Wednesday, April 9, 2014

The Cranky

Do you know what a cranky is???  I have to admit that I was not familiar with that term before The Best of the Valley Quilt Show last Sunday.

I have SEEN them, but I had no idea what to call them...

What am I talking about you ask???

A cranky is what collectors call a pre-electricity vintage hand crank sewing machine like this one.

I LOVE vintage sewing machines.  I have a featherweight, a treadle, and a few toy sewing machines too.  I have always wanted a non-electric machine that I could actually use if we ever went off-grid (a future goal).  I am not coordinated enough to move the treadle pedal with my foot and sew a straight line though.

At the show we met vendors Ginger and Mike of SewCranky and their wonderful working antique machines.

There were several brands and models.  We saw the familiar American brand Singer, a few British brands, and even a few German machines.  (These machines were all imported from the UK)

Back in the days before in-home electricity, these portable hand crank machines were more affordable and more common than big bulky treadles for rural people.  I imagine that the cost of transportation for a big, heavy cast iron treadle influenced this fact.

The crankies were remarkably EASY to use. My hubby Jerry and I tried them all out.  I had no problem sewing a straight stitch as I cranked away.  That was a pleasant surprise.

the little hamster wheel in my head was turning...

All I could think about was how practical one of these little machines could be.  No more power outages ending a sewing session... or a glamping excursion in a tent.  I could really enjoy demonstrating its use at a primitive rendezvous re-enactment (another adventure I hope to enjoy someday). Heck, I could enjoy sewing with one of these little babies anywhere.

Willpower kicked in long enough to allow me to finish viewing all the wonderful quilts and vendors; and to go have a bite to eat and say goodbye to our friends.

Before I knew it my hubby offered to take me back to get one.  Our 23rd wedding anniversary is coming up in a few months and he didn't want me to let this opportunity go. I might not see one again. We headed back to the show after lunch.

As we struggled to find a parking space a few blocks away from the actual show (it was that busy) my heart was fluttering.  We almost did not get a machine because they had just about sold out in the short span of time it took to eat and say our goodbyes...

Somehow, this machine was right there waiting for me upon my arrival.

I had fallen in love with it earlier.  It's a German machine by Frister and Rossman that was made in the early 1920s.  Notice the unique decorations.  After the opening of King Tut's Tomb, the world was enamored with all things Egyptian.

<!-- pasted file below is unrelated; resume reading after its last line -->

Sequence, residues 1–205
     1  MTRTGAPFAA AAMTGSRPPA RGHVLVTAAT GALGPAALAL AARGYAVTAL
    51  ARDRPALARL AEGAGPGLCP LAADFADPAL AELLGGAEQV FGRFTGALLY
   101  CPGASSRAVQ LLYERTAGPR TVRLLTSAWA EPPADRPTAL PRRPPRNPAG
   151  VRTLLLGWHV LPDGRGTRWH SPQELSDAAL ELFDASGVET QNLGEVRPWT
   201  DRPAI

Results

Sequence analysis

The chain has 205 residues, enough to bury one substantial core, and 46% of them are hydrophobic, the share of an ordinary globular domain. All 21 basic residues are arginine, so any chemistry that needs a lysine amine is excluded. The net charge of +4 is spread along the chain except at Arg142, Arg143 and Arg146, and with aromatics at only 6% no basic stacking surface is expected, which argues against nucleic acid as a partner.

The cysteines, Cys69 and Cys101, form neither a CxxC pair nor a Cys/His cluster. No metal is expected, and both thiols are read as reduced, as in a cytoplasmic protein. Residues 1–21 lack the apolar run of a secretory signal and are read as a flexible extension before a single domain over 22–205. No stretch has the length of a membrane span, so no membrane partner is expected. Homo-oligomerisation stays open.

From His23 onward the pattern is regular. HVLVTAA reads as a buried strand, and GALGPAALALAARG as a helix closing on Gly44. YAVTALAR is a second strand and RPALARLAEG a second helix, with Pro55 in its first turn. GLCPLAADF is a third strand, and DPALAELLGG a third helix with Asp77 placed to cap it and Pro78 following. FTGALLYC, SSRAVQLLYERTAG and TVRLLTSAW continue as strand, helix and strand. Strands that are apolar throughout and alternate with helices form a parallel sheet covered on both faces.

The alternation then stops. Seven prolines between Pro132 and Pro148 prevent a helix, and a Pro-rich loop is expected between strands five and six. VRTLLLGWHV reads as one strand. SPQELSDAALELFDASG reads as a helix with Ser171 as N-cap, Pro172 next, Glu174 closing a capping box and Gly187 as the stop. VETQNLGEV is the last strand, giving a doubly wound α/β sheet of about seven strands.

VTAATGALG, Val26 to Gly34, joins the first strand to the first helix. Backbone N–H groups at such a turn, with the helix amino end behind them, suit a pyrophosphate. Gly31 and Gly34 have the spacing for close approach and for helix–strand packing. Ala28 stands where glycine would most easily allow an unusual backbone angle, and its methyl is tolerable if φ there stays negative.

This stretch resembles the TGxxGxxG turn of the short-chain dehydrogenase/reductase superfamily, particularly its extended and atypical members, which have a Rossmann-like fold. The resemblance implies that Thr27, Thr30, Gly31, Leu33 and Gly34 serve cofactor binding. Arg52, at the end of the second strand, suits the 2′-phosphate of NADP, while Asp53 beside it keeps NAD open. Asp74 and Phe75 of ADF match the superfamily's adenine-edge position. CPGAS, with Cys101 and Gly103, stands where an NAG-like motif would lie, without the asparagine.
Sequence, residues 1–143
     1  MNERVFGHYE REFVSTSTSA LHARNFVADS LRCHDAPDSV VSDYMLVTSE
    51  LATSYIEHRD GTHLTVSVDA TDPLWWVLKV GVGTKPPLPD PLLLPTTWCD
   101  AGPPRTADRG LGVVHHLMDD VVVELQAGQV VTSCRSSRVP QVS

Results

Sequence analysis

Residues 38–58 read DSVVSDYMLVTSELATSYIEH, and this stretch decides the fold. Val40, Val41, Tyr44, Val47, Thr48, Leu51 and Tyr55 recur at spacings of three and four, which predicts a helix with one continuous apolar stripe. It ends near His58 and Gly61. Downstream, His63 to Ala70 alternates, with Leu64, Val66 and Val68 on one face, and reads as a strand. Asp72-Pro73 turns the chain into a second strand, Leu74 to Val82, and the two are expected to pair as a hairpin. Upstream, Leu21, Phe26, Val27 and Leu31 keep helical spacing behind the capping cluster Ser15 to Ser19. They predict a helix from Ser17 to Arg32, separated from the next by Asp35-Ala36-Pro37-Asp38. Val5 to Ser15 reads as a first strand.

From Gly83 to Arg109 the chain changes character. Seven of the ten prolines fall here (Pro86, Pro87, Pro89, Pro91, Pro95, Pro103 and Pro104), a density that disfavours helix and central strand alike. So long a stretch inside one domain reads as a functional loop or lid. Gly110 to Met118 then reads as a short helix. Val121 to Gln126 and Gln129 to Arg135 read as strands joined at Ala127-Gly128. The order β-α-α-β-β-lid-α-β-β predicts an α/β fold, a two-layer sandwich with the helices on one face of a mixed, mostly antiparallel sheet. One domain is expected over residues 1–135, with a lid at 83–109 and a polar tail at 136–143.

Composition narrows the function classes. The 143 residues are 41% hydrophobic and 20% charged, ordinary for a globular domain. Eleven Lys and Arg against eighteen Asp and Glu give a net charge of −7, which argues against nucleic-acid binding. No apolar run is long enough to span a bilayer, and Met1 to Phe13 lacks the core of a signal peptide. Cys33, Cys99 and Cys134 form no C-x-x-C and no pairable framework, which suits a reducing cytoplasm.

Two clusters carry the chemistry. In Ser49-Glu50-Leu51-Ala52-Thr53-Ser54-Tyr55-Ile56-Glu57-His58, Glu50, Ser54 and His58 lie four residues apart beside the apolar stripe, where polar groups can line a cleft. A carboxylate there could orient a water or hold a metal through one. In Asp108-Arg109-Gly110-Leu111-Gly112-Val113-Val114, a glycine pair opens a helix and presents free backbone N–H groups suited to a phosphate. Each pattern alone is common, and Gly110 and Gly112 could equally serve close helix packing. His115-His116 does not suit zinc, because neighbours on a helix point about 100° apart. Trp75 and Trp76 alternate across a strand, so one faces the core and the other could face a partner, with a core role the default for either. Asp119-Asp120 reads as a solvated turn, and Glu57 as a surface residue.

The quilt show was great fun.  You can see pictures of a few of my favorite quilts HERE.  I saw a few old friend's quilts and met one of my longtime quilting heroes, Nancy Rink.  I cut my quilting teeth on her patchwork patterns back in the day.  She is just as friendly in person as she is in film.

So goes my cranky adventure.  I plan to break it in this weekend.

Do YOU have any old treasures you love?


  1. Do you know Missy? She has a hand crank too and knows lots about them. You can find her at I don't have one but I'm not sure I would be coordinated enough! I have a treadle that works but needs to be cleaned and the new belt put on. I have not sewn on it yet.You can see m y machines here, most are from family. I did get another last church rummage sale so it's not pictured here.

  2. How fun!! I have an old treadle machine that belonged to my best friend's grandmother. I can sew with it, as long as it's not too complicated. LOL!! I would think it would be hard to crank and have to guide the fabric using only one hand...

  3. What an adventure! And a thoughtful husband! Can't wait to see what you "crank" out on your new machine! I have my husbands grandmothers treadle machine. She had 3 daughters and non of them wanted it ~ my gain! It needed a new belt and we bought that in Honduras at a uniform shop ~ 6-8 guys all sitting sewing school and work uniforms on treadle machines...quite fun to watch and they loved posing for pictures! Have fun with your new toy! Donna

  4. I have a treadle and a hand machine. A few years ago we were without electricity for six days and I sewed merrily through each day. I confess to feeling pretty smug at the time!

  5. I have 2 vintage sewing machines....I "SO" enjoyed this pun intended!

  6. It is beautiful! Congratulations and what a sweet husbnd.

  7. I've used a crank machine in the past, but I hated to sew one-handed! It did do a great job though, and these are perfect for going off the grid. Definitely something to put on the "keep an eye out for" list. :)

    1. Since I brought it home I started looking online and have found quite a few available on Craigslist too BoPeep. They're out there. The off grid part is the allure for me. I wanted a power free option. Still working on pasture development, but I also hope to bring home a few animals for fiber too eventually.

  8. Great article! I wanted to share my quilt block with you.

  9. That was a great show. I love the hand cranks. I wonder how many kids had to turn the handle while mom sewed.

  10. China still makes treadle machines under the Butterfly brand name. They're beautiful machines. Of course, I love the designs on the old hand-cranked ones, too. I remember their going for a song when I attended auction sales as a child. (Some time ago...) I suppose no one wanted them then.


My email address is